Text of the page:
Once again, I want to thank the member for for his work on this. I congratulate him for all his effort and I hope everyone here joins us in voting for this very important bill.
Mr. Speaker, I rise to speak to Bill , an act to amend the Canada National Parks Act. I want to begin by acknowledging that the land I represent is the ancestral and unceded territory of the Three Fires Confederacy of first nations, the Ojibwa, the Odawa, and the Potawatomi.
I share my colleague's enthusiasm for the creation of an Ojibway national urban park, and I recognize his long-standing advocacy. Both of us recognize that Ojibway is a precious gem, unlike any other. Compared to, say, Rouge National Urban Park in Toronto, Ojibway is a postage stamp of land, but in its 300 hectares, Ojibway contains rare Carolinian forest and tall-grass prairie, and it has the most biodiversity in all of Canada, including hundreds of plants, reptiles, insects and wildlife.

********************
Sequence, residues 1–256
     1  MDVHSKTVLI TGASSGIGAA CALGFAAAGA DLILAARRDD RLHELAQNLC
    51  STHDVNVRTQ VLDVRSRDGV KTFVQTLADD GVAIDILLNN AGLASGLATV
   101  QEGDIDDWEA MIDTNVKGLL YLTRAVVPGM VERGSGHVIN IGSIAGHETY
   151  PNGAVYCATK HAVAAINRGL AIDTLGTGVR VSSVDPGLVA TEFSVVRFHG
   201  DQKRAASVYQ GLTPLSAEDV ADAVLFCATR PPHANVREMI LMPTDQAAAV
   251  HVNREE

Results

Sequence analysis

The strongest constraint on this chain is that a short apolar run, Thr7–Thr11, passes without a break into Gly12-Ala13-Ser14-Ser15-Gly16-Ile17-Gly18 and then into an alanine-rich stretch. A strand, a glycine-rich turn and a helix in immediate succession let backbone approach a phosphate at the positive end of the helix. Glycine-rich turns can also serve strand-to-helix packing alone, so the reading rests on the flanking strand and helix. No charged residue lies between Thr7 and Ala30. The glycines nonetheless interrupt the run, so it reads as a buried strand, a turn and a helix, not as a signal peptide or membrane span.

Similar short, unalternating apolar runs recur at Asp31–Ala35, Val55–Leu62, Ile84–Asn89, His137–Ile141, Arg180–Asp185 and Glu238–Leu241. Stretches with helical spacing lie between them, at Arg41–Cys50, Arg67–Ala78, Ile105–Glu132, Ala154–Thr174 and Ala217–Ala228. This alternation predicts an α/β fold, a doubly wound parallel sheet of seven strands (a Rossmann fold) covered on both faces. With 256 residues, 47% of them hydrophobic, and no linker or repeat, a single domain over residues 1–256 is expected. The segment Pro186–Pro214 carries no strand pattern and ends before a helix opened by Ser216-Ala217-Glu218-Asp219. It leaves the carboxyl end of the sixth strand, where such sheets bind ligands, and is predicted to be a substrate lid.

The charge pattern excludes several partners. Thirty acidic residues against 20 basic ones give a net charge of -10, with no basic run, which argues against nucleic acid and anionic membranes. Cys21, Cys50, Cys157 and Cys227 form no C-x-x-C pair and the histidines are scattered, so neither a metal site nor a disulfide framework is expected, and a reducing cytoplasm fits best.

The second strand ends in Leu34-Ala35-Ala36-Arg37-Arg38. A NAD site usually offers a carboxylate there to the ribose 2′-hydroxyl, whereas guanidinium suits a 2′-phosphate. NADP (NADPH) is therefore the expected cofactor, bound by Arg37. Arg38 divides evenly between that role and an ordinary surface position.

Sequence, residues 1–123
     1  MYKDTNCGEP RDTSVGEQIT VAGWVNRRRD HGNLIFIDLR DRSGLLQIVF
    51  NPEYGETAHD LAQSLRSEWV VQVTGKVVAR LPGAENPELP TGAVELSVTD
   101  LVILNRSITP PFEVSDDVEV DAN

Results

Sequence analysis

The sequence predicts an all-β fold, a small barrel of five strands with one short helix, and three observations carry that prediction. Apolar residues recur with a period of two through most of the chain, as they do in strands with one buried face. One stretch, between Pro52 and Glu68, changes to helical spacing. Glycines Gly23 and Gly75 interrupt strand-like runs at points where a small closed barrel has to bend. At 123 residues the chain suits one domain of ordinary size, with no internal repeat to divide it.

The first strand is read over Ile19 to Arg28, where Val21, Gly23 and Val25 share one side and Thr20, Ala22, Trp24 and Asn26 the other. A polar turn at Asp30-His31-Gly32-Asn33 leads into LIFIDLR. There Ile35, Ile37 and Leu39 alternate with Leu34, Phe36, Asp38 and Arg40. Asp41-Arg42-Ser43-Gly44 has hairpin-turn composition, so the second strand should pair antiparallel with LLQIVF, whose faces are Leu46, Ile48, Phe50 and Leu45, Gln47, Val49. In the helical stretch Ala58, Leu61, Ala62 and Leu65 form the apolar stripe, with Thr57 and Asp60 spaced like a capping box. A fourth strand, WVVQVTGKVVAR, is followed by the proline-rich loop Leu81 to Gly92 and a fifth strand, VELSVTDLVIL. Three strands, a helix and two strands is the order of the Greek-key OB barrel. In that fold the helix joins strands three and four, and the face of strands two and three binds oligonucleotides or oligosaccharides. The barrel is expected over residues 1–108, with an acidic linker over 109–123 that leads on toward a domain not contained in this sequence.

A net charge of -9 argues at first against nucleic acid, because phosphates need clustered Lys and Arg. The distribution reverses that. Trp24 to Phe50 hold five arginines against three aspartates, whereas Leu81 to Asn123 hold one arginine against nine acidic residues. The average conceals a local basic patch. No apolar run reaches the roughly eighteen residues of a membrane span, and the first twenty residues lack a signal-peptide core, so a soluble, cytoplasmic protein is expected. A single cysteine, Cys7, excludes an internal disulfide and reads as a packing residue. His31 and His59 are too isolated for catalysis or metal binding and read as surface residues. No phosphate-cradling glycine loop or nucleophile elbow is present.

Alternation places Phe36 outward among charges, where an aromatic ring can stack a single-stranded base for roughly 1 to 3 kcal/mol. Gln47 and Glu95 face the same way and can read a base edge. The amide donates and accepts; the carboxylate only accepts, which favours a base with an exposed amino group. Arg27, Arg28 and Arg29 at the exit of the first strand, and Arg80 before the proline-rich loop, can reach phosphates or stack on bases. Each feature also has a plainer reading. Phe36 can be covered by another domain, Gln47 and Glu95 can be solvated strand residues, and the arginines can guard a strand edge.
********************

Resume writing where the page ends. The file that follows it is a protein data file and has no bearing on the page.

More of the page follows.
When I first got elected in 2019, my first meeting with the Prime Minister's Office on Parliament Hill was about the creation of an Ojibway national urban park. Not quite two years later, I joined the at Ojibway, in addition to dozens and dozens of local community partners, to announce our government's commitment to create seven new national urban parks, among them Ojibway. It was a historic day. Parks Canada was put in charge of creating an Ojibway national urban park, which makes sense, since Parks Canada has over 100 years of experience building national parks. We trust the experts. Since that day, Parks Canada has been busy putting in the work to make Ojibway national urban park a reality.